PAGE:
Shipwrecks and Lost Treasures of the Seven Seas

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Beauty, adventure, and thievery

Shipwrecks


From National Parks Traveler
 

Deep in south Florida lies a collection of islands so unique and exotic, one might compare them to precious stones on a lady's necklace.

Set among this string of jewels known as the Florida Keys lies a particularly appealing gem: an underwater national park.

Biscayne National Park lies 95 percent underwater, and contains stunningly intricate coral reefs, an array of fascinating sealife, and 55 shipwreck sites.

Alongside these sites are 33 additional submerged archaeological sites that range from sunken cargoes and artifacts to even colonial anchors moored in the seabed absent their ships.

But this alluring national park does not always attract pleasant visitors. Plagued by looters, the park constantly must spend extra time and money to keep criminals away from plundering the shipwrecks.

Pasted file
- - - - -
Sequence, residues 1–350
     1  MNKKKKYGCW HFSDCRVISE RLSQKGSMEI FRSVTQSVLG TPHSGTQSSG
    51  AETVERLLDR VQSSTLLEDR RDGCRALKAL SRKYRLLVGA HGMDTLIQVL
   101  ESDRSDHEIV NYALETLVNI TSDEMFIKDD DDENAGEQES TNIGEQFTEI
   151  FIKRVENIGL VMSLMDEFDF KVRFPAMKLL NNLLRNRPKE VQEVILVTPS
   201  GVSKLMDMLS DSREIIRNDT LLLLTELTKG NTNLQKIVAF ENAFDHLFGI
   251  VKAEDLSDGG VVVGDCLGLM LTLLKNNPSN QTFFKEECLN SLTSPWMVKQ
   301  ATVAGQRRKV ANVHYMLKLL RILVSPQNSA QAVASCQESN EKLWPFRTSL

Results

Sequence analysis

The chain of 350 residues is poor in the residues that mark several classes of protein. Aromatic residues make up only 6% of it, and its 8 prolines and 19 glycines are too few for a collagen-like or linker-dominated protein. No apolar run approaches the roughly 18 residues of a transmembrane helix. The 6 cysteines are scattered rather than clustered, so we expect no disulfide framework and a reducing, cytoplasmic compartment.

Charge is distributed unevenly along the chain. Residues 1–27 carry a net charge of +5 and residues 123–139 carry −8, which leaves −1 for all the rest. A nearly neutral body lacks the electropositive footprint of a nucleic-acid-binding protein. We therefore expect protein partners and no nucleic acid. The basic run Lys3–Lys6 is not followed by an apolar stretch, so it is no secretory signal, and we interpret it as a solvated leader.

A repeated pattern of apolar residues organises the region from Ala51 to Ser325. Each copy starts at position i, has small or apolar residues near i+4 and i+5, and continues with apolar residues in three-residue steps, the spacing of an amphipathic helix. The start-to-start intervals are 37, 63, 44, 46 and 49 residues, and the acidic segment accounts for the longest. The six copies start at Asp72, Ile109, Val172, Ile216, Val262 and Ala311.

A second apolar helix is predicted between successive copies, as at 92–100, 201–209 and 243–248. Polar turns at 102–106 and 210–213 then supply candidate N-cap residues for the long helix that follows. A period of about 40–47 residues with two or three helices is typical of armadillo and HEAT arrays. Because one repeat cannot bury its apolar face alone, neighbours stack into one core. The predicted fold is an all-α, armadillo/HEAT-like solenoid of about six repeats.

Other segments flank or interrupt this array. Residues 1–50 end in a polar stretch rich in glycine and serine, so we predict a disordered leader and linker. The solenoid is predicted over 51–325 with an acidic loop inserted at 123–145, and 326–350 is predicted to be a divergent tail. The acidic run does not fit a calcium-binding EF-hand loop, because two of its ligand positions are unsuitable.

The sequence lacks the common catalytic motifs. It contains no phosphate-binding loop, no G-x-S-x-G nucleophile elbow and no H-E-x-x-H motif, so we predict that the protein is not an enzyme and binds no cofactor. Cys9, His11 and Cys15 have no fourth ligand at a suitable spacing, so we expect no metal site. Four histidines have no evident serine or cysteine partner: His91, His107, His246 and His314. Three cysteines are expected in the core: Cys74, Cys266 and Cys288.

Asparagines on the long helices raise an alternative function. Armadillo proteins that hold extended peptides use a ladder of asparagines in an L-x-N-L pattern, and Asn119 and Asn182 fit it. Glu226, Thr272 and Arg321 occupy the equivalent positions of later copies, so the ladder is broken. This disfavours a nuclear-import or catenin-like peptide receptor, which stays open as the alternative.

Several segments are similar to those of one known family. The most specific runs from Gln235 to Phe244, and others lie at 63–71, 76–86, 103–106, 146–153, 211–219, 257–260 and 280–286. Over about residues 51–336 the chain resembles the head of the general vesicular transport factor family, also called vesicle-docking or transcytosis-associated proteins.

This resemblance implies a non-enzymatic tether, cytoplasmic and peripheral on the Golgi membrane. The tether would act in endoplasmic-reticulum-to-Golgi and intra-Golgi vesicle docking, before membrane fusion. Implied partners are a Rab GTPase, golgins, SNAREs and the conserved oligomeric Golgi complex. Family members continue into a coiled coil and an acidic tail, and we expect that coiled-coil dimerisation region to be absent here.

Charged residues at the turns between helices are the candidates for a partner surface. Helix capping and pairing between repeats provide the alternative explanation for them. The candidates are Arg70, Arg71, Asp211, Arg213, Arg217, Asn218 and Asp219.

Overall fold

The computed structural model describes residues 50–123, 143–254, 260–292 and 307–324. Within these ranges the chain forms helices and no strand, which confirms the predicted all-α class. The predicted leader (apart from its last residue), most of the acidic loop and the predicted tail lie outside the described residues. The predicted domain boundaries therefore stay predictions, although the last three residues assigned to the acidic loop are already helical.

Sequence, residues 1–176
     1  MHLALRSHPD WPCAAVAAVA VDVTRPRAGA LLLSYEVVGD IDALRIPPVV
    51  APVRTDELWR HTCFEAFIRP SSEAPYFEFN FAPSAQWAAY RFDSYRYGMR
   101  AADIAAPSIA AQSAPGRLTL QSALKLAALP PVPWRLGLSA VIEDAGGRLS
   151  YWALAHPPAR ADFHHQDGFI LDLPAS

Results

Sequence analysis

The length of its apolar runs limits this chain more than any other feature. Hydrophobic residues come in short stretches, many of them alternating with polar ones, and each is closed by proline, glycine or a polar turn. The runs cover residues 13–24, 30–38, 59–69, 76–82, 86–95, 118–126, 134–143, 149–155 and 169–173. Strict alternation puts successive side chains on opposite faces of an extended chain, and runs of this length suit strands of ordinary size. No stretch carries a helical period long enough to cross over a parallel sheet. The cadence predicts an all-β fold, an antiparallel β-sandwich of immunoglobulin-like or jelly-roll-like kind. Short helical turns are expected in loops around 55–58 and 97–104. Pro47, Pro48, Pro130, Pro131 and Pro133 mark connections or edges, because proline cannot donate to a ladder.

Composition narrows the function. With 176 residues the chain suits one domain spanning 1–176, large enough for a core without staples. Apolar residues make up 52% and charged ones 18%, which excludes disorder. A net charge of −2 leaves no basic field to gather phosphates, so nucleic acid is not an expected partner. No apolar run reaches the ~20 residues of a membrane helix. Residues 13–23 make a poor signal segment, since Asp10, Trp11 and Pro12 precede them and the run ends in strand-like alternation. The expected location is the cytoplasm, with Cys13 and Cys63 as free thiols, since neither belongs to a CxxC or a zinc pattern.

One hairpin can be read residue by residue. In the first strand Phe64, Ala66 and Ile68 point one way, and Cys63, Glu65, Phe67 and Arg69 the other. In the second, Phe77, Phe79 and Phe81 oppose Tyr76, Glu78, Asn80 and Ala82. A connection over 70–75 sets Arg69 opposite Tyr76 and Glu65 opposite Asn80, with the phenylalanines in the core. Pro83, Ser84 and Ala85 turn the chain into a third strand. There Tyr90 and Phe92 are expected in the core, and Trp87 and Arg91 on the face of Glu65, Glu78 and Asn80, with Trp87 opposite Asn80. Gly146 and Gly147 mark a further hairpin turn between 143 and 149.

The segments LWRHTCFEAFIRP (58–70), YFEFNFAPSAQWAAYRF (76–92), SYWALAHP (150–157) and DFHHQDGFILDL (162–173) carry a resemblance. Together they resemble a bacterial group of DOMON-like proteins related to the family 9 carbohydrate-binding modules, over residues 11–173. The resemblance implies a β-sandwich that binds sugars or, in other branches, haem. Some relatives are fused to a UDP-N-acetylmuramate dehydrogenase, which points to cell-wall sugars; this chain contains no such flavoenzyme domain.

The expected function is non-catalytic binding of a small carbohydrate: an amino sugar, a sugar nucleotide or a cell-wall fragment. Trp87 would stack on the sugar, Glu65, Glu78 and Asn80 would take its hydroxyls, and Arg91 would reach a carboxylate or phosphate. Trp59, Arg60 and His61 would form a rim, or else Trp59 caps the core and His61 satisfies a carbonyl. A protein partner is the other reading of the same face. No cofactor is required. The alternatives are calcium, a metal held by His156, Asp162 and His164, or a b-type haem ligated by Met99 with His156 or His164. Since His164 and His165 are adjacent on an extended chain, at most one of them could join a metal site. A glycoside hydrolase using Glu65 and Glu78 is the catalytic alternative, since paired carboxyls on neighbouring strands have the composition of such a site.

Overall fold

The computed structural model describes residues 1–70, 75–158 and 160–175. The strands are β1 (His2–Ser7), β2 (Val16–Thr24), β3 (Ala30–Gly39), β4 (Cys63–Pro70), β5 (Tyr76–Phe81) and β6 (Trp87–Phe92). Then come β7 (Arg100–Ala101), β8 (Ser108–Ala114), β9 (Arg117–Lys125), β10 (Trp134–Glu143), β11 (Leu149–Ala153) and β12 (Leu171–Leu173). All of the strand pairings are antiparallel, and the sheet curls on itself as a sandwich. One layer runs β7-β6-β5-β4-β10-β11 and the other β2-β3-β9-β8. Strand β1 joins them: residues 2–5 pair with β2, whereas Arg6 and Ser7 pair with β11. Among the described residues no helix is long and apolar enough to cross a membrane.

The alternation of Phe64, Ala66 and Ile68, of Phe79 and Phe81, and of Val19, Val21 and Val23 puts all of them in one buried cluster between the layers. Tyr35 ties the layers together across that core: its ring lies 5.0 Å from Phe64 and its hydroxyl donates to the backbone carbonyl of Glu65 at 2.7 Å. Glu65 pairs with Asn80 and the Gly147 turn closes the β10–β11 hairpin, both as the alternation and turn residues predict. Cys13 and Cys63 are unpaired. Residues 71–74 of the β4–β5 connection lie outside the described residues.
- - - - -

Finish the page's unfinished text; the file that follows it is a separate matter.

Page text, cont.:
The shipwreck “English China,” nicknamed for its abundant English ceramic artifacts, sank in the late 1760s.

The first groups of people to visit this sunken beauty were called ‘wreckers.’ These were men who would brave the troubled seas, particularly around the Florida Keys.

Not only would they come to the rescue of crews on foundered ships, but afterwards they would return to salvage what they could of the wreck’s remains.

Such ‘wreckers’ probably obtained much of the ship’s valuable cargo in the 1760s, leaving only the scraps and pieces -- but this does not deter modern-day looters from trying their luck.

Charles Lawson, Biscayne’s staff archaeologist and cultural resource manager, says these latter-day pirates are most likely unsuccessful in their scavenging.

But they nevertheless do damage to the site.


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